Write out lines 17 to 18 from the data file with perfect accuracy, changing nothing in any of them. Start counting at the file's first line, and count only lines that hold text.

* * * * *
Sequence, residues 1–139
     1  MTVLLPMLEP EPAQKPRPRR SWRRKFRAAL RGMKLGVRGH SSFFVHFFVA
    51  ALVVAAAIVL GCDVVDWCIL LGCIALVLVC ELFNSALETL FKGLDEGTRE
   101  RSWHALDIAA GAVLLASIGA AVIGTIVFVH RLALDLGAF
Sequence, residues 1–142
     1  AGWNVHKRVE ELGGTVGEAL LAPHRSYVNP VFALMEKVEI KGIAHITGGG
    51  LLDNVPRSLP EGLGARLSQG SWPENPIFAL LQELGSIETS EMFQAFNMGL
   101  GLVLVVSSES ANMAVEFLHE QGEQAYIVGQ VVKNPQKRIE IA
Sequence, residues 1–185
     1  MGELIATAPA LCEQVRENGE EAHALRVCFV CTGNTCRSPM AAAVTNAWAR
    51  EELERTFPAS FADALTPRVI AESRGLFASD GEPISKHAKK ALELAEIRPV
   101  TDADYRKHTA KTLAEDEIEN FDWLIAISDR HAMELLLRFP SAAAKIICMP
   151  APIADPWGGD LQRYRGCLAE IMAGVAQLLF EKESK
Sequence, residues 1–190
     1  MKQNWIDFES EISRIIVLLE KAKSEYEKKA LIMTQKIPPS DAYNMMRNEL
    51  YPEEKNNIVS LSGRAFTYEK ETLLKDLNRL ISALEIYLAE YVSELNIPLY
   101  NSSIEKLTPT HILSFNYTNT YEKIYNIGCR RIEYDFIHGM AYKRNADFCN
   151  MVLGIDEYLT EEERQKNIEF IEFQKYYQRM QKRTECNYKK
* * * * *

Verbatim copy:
   101  NSSIEKLTPT HILSFNYTNT YEKIYNIGCR RIEYDFIHGM AYKRNADFCN
   151  MVLGIDEYLT EEERQKNIEF IEFQKYYQRM QKRTECNYKK